Florida Civics & Debate Initiative
The Opening Argument Why Civics and Debate?
The Florida Civics and Debate Initiative (FCDI) seeks to expand and enhance civic knowledge and reinvigorate public debate and civil discourse in Florida classrooms. Florida has always been an innovator in education and continues to lead the way in civics education. The FCDI is committed to developing upright, virtuous and self-governing citizens who recognize and accept the responsibility to preserve and defend the blessings of liberty inherited from previous generations. FCDI is the only statewide debate program of its kind in the nation. We’re excited to tell the story of FCDI and to offer a model for any state, district, school or teacher to establish competitive debate teams. The Mission The proud American tradition of respect – in personal and political interactions – for free and unencumbered speech continues to be a gift left to us by our Founders and remains a uniquely American civic tradition. America is becoming more polarized by the day. People dig into positions without fully examining them, and want to be heard but refuse to listen to others. The failure to engage in civil and respectful conversations with those whom we disagree is unhealthy for our constitutional republic and the democratic values we hold dear. falsehoods and fallacies, to avert the evil by the processes of education, the remedy to be applied is more speech, not enforced silence.” ----Justice Louis Brandeis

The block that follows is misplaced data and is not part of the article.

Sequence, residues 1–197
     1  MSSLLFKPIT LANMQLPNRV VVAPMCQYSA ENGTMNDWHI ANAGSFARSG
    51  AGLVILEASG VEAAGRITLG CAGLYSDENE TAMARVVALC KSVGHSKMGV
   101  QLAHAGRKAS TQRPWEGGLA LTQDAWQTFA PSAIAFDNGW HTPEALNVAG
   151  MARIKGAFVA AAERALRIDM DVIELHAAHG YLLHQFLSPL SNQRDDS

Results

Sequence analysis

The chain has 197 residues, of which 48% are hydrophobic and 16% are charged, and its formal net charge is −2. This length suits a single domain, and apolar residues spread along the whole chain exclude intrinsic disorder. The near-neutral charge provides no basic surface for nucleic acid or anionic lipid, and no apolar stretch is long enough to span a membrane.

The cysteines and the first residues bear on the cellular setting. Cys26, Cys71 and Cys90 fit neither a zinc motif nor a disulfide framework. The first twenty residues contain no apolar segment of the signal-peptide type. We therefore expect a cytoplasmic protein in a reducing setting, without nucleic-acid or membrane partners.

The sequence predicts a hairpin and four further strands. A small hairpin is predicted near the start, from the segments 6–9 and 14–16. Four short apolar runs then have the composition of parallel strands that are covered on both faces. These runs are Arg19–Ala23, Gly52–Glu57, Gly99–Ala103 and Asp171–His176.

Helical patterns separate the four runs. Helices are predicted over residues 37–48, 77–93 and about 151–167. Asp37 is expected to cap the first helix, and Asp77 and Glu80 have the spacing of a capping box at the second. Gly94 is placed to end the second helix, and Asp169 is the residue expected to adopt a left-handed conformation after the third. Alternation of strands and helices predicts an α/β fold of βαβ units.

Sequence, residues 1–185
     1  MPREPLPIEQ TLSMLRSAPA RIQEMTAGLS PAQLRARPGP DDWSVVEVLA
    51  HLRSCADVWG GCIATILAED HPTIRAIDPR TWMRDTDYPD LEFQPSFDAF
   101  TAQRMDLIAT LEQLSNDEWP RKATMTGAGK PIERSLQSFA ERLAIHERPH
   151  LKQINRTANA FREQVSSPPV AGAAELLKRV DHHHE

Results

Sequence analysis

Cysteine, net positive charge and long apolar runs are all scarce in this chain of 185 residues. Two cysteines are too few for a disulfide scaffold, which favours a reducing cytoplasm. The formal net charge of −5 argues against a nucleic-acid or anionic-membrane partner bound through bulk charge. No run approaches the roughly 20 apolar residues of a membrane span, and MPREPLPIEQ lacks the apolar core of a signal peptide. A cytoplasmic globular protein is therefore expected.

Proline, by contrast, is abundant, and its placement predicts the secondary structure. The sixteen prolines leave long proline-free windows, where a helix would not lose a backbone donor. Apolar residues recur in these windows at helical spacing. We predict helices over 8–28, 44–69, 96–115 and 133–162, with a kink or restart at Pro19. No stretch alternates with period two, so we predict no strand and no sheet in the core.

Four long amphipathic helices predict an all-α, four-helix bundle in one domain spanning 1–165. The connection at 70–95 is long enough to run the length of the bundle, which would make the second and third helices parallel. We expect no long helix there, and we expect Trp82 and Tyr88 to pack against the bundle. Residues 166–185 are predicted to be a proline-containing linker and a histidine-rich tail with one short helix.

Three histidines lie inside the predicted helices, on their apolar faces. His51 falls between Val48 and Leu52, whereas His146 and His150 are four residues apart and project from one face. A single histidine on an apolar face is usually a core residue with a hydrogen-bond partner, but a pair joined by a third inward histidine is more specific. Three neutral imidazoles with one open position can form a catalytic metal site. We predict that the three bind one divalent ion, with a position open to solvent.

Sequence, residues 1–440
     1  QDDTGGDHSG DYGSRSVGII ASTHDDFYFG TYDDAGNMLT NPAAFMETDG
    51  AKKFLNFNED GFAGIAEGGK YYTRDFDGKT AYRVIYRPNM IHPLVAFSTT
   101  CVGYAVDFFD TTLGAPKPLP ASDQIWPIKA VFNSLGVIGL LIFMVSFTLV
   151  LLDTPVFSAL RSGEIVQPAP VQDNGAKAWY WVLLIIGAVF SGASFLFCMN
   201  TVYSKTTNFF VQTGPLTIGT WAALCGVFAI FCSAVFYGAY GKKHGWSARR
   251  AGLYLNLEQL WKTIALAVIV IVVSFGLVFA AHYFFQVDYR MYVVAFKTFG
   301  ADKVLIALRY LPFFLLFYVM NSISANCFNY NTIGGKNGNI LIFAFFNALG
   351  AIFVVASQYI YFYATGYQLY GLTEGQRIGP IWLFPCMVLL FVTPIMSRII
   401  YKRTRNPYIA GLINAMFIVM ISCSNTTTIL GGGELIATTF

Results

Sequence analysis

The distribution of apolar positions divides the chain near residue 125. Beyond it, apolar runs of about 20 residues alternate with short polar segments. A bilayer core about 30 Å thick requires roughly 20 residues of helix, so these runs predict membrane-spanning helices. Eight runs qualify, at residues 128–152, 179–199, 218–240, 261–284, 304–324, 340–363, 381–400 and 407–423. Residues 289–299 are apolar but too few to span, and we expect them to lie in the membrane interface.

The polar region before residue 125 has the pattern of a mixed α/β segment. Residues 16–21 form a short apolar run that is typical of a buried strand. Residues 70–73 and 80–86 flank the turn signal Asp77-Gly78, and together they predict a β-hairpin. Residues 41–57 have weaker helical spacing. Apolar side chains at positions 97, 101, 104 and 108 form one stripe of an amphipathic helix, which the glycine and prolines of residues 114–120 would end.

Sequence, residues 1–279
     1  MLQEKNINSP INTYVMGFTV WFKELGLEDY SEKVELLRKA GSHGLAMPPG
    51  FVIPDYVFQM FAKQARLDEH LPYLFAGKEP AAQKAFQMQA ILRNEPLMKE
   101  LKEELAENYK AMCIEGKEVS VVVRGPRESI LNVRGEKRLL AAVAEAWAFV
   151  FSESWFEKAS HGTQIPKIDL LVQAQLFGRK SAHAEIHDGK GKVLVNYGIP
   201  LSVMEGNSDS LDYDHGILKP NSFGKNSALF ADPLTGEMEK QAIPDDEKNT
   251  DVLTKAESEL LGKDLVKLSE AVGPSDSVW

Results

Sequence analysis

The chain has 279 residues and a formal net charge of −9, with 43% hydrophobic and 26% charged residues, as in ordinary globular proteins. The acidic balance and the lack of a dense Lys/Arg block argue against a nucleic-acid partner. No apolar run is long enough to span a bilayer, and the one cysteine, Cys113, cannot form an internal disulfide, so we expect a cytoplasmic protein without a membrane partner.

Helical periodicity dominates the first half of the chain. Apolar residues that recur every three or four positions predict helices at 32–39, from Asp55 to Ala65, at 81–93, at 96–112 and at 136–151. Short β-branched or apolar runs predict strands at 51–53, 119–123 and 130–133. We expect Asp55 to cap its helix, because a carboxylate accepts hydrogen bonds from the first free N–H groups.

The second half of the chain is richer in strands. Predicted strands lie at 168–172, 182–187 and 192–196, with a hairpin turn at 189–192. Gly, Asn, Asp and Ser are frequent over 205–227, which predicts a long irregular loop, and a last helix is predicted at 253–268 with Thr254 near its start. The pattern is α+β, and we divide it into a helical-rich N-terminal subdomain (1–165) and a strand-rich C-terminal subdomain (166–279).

The Benefits of Debate
- Debate develops citizenship. It builds civic knowledge through research application and experiences rather than memorization and forces students to apply their civics and history knowledge to important questions. In competitive debate, students are required to examine and defend both sides of an issue.
- Debaters must understand the role of government and how citizens participate in a republic. This helps them develop effective arguments as innovative solutions to diverse and complicated issues.
- Debate students learn about political philosophies as they consider how to frame arguments. They learn that abstract ideas have concrete policy implications for real life.
- Debate requires students to reference primary and secondary documents as support for their claims. They also cite major Supreme Court cases. Most of these sources are taught in civics and U.S. history class, and using them as evidence in a debate makes them more meaningful and relevant.
- Debate builds a strong civic disposition. Students learn collaboration, compassion and respect. Early evidence in data from the School Culture 360 survey finds that positive student teacher and student-student relationships increase through participation in the FCDI program.